Several lawmakers were stunned recently to learn that geolocation data gathered by at least some devices used in Minnesota’s ignition interlock program is unclassified public information.
One of them, Rep. Peggy Scott, R-Andover, chair of the House Civil Law and Data Practices Policy committee, said she is pulling together a bill to stop the location tracking of program participants.
The interlock program began as a pilot in 2007 and became a full-blown, legislatively mandated program three years later. It allows convicted drunken drivers to keep their driving privileges if they agree to pay for, install and use an interlock device affixed to a tube, into which the driver blows before starting the car.
If the driver has been drinking, the device detects the alcohol and locks down the car’s ignition so it won’t start. It then reports that violation to one of five private vendors administering the devices. The vendor, in turn, reports the violation to the Public Safety Department to deal with the offender.
Around 10,000 Minnesotans are currently enrolled in the program, according to Dawn Olson, the department’s Driver and Vehicle Services (DVS) director, who testified during the year’s first Civil Law committee hearing on Jan. 5
The interlock program came under fire last year when it was discovered that a rulemaking exemption given the Public Safety Department to expedite the program’s statewide rollout might have been used to deploy geolocation tracking software in the devices.
Scott said the program is not supposed to track violators’ whereabouts, only keep cars from moving if their drivers drink. Yet last year, Public Safety officials called on the program’s five authorized vendors to institute real-time reporting by the beginning of 2017, she said.
The matter has drawn the attention of the courts. On Dec. 29, Hennepin County District Court Judge M. Jacqueline Regis granted an injunction preventing the department from enforcing its real-time reporting deadline, pending a review of that provision’s constitutionality.
The injunction was already in place when Public Safety Commissioner Mona Dohman acknowledged during the Civil Law committee hearing that her department never sought to classify the personal data generated by the ignition interlock devices. That, she admitted, means the data is public under Chapter 13 of the state’s Government Data Practices Act.
However, DVS Director Olson told committee members that her agency has no interest in geo-tracking data. “DVS does not require, use or store GPS data from these devices,” Olson said. “GPS information is not contemplated in the department’s ignition interlock program.”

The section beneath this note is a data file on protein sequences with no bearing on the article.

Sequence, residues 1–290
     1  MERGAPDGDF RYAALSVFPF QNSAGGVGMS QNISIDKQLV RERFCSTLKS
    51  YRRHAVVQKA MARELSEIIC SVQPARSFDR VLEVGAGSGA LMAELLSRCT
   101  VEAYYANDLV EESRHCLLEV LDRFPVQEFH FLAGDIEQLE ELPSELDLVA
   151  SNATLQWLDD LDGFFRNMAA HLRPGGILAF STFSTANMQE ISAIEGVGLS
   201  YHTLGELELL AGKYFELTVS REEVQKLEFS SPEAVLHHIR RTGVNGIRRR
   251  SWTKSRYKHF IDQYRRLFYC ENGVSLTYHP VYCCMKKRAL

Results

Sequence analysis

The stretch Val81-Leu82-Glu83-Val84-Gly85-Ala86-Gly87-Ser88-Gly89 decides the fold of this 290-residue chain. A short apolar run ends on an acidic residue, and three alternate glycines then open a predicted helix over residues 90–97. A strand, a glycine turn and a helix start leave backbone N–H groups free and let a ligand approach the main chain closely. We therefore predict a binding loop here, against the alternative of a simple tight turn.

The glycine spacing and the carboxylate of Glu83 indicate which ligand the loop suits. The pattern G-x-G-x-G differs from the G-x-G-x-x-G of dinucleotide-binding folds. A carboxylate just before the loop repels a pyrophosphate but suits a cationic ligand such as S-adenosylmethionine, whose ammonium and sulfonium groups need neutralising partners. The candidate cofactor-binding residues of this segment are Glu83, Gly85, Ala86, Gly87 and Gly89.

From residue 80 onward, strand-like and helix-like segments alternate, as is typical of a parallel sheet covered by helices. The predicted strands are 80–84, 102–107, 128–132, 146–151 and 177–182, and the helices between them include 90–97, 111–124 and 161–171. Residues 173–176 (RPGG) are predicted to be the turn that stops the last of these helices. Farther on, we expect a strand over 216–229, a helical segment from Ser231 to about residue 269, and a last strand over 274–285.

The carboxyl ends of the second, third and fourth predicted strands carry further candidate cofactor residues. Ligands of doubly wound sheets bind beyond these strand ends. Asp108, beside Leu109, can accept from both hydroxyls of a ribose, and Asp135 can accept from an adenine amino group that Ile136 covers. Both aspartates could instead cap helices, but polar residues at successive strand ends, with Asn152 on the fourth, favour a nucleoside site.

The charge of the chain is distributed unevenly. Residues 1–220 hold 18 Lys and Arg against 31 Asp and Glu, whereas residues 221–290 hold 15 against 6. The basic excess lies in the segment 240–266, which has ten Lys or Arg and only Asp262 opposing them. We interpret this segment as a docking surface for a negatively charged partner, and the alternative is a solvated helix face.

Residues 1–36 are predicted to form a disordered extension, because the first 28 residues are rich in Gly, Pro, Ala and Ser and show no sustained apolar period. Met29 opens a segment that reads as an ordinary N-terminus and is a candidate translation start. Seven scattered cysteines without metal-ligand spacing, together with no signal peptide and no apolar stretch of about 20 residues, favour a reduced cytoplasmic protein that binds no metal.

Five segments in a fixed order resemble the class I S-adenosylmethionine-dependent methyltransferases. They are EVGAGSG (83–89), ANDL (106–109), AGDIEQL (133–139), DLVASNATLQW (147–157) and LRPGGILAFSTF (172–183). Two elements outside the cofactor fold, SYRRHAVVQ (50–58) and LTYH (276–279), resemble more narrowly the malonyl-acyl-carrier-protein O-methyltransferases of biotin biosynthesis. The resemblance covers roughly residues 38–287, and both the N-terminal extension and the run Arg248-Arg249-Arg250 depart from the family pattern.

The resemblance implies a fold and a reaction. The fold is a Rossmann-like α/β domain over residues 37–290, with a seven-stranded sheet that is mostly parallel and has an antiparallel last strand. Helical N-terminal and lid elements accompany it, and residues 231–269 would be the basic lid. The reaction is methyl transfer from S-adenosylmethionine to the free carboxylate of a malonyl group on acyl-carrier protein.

Scott found that cold comfort. She quoted from Judge Regis’ injunction, which indicated that plaintiff Smart Start MN, one of the program’s vendors, was asked by DVS Field Supervisor James Beauregard to install GPS capability and make sure it was activated.
Committee member Rep. Marion O’Neill, R-Maple Lake, said she finds the idea of location tracking “very terrifying.”
O’Neill, who said she has often worked with abused women, worries that if such women enroll in the interlock program, they could unwittingly expose themselves to stalking or worse by an abuser making a simple public data request.
“This has got the potential for really, really harming people,” O’Neill said. She urged committee members to act quickly to prevent such outcomes.
Everyone involved in the discussion agreed that the program is good and almost certainly saves lives. The problem, Scott says, is that technology has vaulted far out front of lawmakers’ ability to keep a handle on it — particularly when the agency administering it fails to inform the legislature what it is doing with its high-tech equipment.
Scott said she sees value in real-time reporting of violations because it means the department can intervene against the violator rapidly. But that also is what is so vexing, she said.
“You have to have some sort of Wi-Fi to get the real-time reporting,” Scott said in an interview after the meeting. When a Wi-Fi-enabled device is installed on a car, she said, almost by definition that makes it possible to track its movements. She doubts many enrollees have granted consent to be monitored that way.
Rep. Eric Lucero, R-Dayton, a civil law committee member and computer security specialist, said he is concerned that vendors collecting data through the interlock devices might turn around and sell it. Big data is big business, he said.
“What controls are in place that would prevent [vendors] from taking information gleaned from this and sharing it or selling it to third parties?” he asked Dohman.
“I think that would be a question for the vendors,” Dohman said. “I don’t know how to answer that.”
No vendors stepped forward when called by Scott to testify.
Charlie Clippert, president Minnesota Association of Criminal Defense Lawyers, urged committee members to support Scott’s bill, which could be introduced by the end of this week.
“It’s important that DPS can’t get around data classification by hiring this process out,” Clifford said. “Just because they’re hiring a vendor to administer this program doesn’t insulate the department from the public nature of the data.”
Scott’s bill would prohibit use of geo-tracking devices in the interlock program. It also would amend Public Safety’s rulemaking exemption, requiring the agency to report any significant alterations to the interlock program directly to legislators, rather than making major changes at its own discretion.
She was still gathering authors to sign onto the bill early this week, an aide said Tuesday, adding that it could be introduced as early as Thursday.
For her part, Dohman told lawmakers she would not oppose legislation barring third-party vendors from installing GPS tracking capabilities on their ignition interlock devices.